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Back to Basics: Basic Research Spillovers, Innovation Policy and Growth

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  • Nicolas Serrano-Velarde

    (Oxford University)

  • Douglas Hanley

    (University of Pennsylvania)

  • Ufuk Akcigit

    (University of Pennsylvania)

Abstract

This paper introduces endogenous technical change through basic and applied research in a growth model. Basic research differs from applied research in two significant ways. First, significant advances in technological knowledge come through basic research rather than applied research. Second, these significant advances could potentially be applicable to multiple industries. Since these applications are not immediate, the innovating firm cannot exploit all the benefits of the basic innovations for production. We analyze the impact of this appropriability problem on firmsâ basic research incentives in an endogenous growth framework with private firms and an academic sector. After characterizing the equilibrium, we estimate our model using micro level data on research expenditures and behavior by French firms. We then decompose the aggregate growth by the source and type of innovation. Moreover, we quantitatively document the size of the underinvestment in basic research and consider various research policies to alleviate this inefficiency. Our analysis highlights the need for devoting a larger fraction of GDP for basic academic research, as well as higher subsidy rates for private research.

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Bibliographic Info

Paper provided by Society for Economic Dynamics in its series 2012 Meeting Papers with number 665.

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Date of creation: 2012
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Handle: RePEc:red:sed012:665

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References

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  1. Nicholas Bloom, 2009. "The Impact of Uncertainty Shocks," Econometrica, Econometric Society, vol. 77(3), pages 623-685, 05.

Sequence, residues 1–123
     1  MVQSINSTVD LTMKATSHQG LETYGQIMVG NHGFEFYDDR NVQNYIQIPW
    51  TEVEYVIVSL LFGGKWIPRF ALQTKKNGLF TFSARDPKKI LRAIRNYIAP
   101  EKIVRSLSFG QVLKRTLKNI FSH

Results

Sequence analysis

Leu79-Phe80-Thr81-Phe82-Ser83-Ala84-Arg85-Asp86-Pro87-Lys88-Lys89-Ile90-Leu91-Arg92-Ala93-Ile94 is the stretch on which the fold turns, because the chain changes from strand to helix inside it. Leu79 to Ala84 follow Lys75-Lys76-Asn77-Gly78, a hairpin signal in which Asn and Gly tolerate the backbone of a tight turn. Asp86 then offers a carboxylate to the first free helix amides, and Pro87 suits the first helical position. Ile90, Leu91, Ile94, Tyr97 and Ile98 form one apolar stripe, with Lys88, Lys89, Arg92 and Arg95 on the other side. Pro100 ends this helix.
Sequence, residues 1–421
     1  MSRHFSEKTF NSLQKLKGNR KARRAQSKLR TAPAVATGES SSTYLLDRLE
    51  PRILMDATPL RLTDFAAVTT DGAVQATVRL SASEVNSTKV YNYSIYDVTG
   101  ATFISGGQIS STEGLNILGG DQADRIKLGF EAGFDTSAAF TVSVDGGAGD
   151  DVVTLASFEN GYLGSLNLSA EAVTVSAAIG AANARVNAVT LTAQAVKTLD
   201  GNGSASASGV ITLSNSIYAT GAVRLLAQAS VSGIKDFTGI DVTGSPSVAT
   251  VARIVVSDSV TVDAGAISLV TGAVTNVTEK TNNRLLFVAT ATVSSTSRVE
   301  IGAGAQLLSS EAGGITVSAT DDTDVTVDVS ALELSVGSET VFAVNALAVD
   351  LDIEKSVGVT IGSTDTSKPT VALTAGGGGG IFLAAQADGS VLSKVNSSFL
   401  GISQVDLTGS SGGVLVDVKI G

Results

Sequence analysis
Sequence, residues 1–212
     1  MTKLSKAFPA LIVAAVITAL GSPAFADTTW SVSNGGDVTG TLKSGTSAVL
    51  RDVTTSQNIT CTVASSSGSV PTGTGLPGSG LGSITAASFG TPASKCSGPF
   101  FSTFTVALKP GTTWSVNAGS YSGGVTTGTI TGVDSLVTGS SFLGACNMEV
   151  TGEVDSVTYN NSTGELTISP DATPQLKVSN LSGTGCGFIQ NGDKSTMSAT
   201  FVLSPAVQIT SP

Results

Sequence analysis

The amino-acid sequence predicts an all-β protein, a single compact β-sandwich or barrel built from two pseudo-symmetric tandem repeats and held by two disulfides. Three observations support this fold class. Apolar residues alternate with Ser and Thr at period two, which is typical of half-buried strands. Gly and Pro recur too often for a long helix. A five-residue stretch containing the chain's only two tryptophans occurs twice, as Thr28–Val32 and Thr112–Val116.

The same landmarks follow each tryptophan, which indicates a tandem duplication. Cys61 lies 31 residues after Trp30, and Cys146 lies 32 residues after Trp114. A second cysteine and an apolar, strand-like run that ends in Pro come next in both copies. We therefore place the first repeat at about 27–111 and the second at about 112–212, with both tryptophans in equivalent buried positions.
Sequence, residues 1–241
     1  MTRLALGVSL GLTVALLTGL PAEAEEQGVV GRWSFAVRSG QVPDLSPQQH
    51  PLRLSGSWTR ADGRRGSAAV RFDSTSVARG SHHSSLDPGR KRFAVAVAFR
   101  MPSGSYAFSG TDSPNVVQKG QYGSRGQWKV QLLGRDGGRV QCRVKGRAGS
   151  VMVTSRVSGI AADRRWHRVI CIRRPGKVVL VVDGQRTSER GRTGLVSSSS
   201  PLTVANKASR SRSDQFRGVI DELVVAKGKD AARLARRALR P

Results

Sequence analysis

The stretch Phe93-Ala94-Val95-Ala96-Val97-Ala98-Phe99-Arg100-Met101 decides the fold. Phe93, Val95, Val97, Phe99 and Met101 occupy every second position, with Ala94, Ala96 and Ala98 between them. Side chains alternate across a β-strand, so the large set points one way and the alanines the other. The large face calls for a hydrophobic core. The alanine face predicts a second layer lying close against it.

2. Giammario Impullitti, 2008. "International Competition and U.S. R&D Subsidies: A Quantitative Welfare Analysis," Economics Working Papers ECO2008/11, European University Institute.
  3. Link, Albert N, 1981. "Basic Research and Productivity Increase in Manufacturing: Additional Evidence," American Economic Review, American Economic Association, vol. 71(5), pages 1111-12, December.
  4. Partha, Dasgupta & David, Paul A., 1994. "Toward a new economics of science," Research Policy, Elsevier, vol. 23(5), pages 487-521, September.
  5. Sharon Belenzon & Tomer Berkovitz & Patrick Bolton, 2009. "Intracompany Governance and Innovation," NBER Working Papers 15304, National Bureau of Economic Research, Inc.
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Cited by:
  1. Cozzi, Guido & Galli, Silvia, 2013. "Sequential R&D and Blocking Patents in the Dynamics of Growth," Economics Working Paper Series 1305, University of St. Gallen, School of Economics and Political Science.
  2. Daron Acemoglu & Ufuk Akcigit & Nicholas Bloom & William R. Kerr, 2013. "Innovation, Reallocation and Growth," PIER Working Paper Archive 13-018, Penn Institute for Economic Research, Department of Economics, University of Pennsylvania.
  3. Philippe Aghion & Ufuk Akcigit & Peter Howitt, 2013. "What Do We Learn From Schumpeterian Growth Theory?," NBER Working Papers 18824, National Bureau of Economic Research, Inc.
  4. Suen, Richard M.H., 2013. "Research Policy and U.S. Economic Growth," MPRA Paper 49103, University Library of Munich, Germany.
  5. Aghion, Philippe & Akcigit, Ufuk & Howitt, Peter, 2014. "What Do We Learn From Schumpeterian Growth Theory?," Handbook of Economic Growth, in: Handbook of Economic Growth, edition 1, volume 2, chapter 0, pages 515-563 Elsevier.
  6. Dutz, Mark A., 2013. "Resource reallocation and innovation : converting enterprise risks into opportunities," Policy Research Working Paper Series 6534, The World Bank.
  7. Aghion, Philippe & Akcigit, Ufuk & Howitt, Peter, 2013. "What Do We Learn From Schumpeterian Growth Theory?," Working Paper Series in Economics and Institutions of Innovation 298, Royal Institute of Technology, CESIS - Centre of Excellence for Science and Innovation Studies.
  8. Prettner, Klaus & Werner, Katharina, 2014. "Human capital, basic research, and applied research: Three dimensions of human knowledge and their differential growth effects," Center for European, Governance and Economic Development Research Discussion Papers 186, University of Goettingen, Department of Economics.
  9. Liu, Runjuan & Rosell, Carlos, 2013. "Import competition, multi-product firms, and basic innovation," Journal of International Economics, Elsevier, vol. 91(2), pages 220-234.
  10. Philippe Aghion & Ufuk Akcigit & Peter Brown, 2013. "What Do We Learn From Schumpeterian Growth Theory?," PIER Working Paper Archive 13-026, Penn Institute for Economic Research, Department of Economics, University of Pennsylvania.
  11. Guido Cozzi & Silvia Galli, 2014. "Sequential R&D and blocking patents in the dynamics of growth," Journal of Economic Growth, Springer, vol. 19(2), pages 183-219, June.

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